By Charles Sercombe
Without a doubt, Wayne County Executive Robert Ficano is in the political battle of his life.
Ficano is facing some big names in the upcoming August Primary.
During the past two years his reputation has been tarnished from having some of his appointees convicted of corruption and — maybe the most damaging — the construction of a new county jail going horribly wrong to the point where it was left unfinished.
Despite the challenges he’s facing, Ficano is fighting back. On Monday, the county executive visited The Review office, alone, and granted an open-ended interview.
We asked right off the bat, what can Robert Ficano do for Hamtramck?
“One of the most important things we can do, obviously besides work on your roads, is economic development,” he said without missing a beat.
He said that during the past few years his administration has worked with Kowalski Sausage Co. with its expansion plans (and it appears to be ready to happen), bringing in a business (he couldn’t name at this time) to build on the Hamtramck side of the former American Axle plant, had a hand in ending Hamtramck’s infamous housing lawsuit and is working to bring in a recycling plant on Conant.
As for getting the county to take care of Conant, which has long been a major complaint of local officials, Ficano was honest to say: “It gets complicated.”
That’s because, Ficano said, the street is also partly on the Detroit side of the Hamtramck border, and that requires Detroit to get involved. The way Ficano wants to get this job done is to totally redo Conant.
A quickie resurfacing could take place much sooner than the two-year estimate he gave to rip up the street and rebuild it. Ficano said there also could be added funding from the state legislature to help with the project.
As for the downtown jail boondoggle, it’s also more complicated than what many have heard about it.
Work on the jail was halted by Ficano after it became apparent cost overruns were going to exceed the $300 million total the county had agreed to.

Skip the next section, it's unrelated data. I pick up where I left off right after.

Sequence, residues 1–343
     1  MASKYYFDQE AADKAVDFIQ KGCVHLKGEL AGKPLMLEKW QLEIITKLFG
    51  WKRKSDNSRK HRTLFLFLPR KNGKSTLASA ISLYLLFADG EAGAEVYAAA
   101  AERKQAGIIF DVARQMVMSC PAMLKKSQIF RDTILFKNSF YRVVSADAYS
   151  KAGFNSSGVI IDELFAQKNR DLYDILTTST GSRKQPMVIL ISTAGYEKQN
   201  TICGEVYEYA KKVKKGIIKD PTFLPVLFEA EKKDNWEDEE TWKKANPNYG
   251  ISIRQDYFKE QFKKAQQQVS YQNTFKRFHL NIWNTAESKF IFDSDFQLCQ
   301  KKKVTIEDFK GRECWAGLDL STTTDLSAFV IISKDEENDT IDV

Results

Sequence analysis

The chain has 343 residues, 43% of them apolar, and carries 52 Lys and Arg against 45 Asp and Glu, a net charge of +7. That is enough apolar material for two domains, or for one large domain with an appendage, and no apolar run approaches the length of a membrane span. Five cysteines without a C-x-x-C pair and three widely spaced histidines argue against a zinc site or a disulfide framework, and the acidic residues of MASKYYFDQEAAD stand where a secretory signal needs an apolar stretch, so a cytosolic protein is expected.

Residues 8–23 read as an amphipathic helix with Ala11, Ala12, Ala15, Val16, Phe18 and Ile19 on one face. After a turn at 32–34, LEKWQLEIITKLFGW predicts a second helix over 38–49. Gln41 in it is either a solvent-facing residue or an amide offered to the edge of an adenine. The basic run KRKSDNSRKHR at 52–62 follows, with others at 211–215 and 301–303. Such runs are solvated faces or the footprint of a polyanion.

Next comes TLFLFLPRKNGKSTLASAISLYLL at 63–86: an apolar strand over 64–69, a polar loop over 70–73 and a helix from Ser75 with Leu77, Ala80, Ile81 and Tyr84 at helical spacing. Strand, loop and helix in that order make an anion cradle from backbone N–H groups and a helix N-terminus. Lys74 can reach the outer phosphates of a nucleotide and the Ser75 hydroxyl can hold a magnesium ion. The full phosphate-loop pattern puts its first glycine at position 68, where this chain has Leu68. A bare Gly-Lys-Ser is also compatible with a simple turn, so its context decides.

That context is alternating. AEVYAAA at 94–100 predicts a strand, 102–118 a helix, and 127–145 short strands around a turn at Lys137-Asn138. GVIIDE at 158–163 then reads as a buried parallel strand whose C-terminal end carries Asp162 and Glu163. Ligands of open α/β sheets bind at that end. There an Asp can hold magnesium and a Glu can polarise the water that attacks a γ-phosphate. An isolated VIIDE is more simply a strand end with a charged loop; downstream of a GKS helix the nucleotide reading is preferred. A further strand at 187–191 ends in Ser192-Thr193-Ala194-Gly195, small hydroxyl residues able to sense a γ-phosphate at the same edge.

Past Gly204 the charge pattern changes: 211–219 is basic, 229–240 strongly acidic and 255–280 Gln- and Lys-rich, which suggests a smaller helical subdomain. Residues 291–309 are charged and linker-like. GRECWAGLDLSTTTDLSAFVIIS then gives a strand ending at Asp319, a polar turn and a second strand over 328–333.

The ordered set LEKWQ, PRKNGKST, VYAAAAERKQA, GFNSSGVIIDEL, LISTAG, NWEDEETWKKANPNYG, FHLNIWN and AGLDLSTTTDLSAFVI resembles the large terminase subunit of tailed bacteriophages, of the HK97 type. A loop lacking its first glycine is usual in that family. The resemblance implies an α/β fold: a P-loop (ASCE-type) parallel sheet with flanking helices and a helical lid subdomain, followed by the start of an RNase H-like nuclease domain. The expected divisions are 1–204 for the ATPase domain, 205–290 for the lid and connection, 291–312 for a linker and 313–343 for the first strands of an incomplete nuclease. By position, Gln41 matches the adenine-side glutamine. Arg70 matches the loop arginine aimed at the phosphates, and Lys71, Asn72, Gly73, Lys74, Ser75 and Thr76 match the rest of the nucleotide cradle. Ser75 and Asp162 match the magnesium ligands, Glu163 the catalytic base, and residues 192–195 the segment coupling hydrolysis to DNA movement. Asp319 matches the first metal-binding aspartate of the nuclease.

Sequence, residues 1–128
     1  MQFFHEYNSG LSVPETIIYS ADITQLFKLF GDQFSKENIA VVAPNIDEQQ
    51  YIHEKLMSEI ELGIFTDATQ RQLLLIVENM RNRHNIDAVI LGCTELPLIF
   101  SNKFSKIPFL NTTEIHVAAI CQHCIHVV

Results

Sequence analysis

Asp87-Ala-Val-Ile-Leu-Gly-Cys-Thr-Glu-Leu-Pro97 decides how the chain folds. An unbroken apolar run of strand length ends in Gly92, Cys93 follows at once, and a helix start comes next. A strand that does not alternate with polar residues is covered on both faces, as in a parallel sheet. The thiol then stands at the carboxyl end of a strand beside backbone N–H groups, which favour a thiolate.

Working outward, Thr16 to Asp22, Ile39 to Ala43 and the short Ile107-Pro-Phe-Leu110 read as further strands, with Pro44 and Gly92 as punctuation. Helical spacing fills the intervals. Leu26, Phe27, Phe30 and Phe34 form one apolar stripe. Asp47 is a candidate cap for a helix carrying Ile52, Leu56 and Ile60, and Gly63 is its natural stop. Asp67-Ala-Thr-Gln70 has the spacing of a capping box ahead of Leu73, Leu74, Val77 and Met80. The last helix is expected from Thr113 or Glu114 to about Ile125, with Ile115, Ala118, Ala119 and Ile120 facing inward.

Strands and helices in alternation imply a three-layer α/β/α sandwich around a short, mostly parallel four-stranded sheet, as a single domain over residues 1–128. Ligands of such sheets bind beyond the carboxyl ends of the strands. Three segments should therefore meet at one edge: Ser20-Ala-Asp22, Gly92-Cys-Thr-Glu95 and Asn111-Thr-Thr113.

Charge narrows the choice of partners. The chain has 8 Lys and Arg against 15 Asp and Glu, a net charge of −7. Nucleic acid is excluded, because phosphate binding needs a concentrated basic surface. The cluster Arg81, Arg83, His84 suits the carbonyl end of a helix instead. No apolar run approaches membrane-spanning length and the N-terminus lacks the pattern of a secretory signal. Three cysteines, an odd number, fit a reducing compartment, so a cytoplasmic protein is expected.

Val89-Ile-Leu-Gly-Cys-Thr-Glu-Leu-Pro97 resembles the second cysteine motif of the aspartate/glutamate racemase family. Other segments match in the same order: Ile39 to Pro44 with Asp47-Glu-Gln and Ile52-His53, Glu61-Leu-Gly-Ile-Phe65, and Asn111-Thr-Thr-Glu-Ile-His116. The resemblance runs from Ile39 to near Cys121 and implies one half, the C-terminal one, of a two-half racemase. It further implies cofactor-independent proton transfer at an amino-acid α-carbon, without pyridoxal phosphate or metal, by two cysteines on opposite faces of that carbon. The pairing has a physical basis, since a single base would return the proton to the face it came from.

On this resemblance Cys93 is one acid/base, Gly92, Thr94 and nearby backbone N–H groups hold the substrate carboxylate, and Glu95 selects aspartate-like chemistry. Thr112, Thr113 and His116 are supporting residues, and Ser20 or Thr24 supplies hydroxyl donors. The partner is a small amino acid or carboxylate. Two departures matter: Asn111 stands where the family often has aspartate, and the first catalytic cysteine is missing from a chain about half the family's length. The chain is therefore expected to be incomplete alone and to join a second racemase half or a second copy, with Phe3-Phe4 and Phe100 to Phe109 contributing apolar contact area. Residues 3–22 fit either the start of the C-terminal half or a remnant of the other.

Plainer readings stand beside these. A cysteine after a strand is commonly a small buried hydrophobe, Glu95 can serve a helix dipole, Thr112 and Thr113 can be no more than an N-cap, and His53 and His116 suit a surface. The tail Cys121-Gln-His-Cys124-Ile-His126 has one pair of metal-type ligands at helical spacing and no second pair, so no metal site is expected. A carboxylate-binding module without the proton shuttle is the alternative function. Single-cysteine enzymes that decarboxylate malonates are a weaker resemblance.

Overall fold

“You have one of two options: Either you can say stop, and I’ll sue you … or you say OK, I’ll pay the additional money,” Ficano said.
“Traditionally, governments always said OK we’ll pay you the additional money and move on. It took more political courage, I believe, to say stop, we’re not going to do that. We’re going to sue you, which we are.”
He said the county will decide by early June what to do next. It could be the county will go ahead and finish the project, with new contractors, or sell the site. The county could then renovate a former state prison on Mound, just outside of Hamtramck.
No matter what, Ficano said, the original cost of the project will still not be exceeded. One thing that will lessen the financial blow is that the value of the land where the jail is at is worth a lot more now than it did when the project started a few years ago.
As for the future of the county jail in Hamtramck, it’s still undecided what will happen there. Even if the county sends its prisoners to another jail, Ficano said the building will still be used, which means the $500,000 a year Hamtramck receives in lieu of taxes will likely continue.
The subject of revenues to communities and the county has also been on Ficano’s mind. He has called for tweaking Proposal A, which caps how much cities can collect from property taxes as property values rise and fall.
He said the law is outdated. He also lashed out at the state for withholding state revenues, which has put many communities and public school districts in financial jeopardy.
“If they had to stick to the statute amount they were supposed to, Wayne County would have a surplus today of $75 million,” he said.
For the 32 years Ficano has held public office, 20 as Wayne County Sheriff and the last 12 years as County Executive, he has had a special connection to Hamtramck.
The grandparents of his children lived in Hamtramck, near St. Florian. For years he has participated in the Polish Day Parade, and has been a frequent visitor to our popular Polish restaurants (a “weighty” problem of his, he joked).
“You have some great traditions,” he said about what makes Hamtramck so unique and widely loved.
Another feature, of course, is the city’s ethnic diversity. That’s something Ficano said he has replicated in his administration. But showing diversity in his staff is just one aspect, he said.
“What is really important is the inclusion,” Ficano said. “It’s one thing to be diverse, it’s another thing actually to be at the table and have them make the decisions.”
As for all the media heat he has taken in the past two years, Ficano said he remains focused.
“Like in any career, sometimes you have some hiccups. It’s how you come back and what you do to remedy those things,” he said.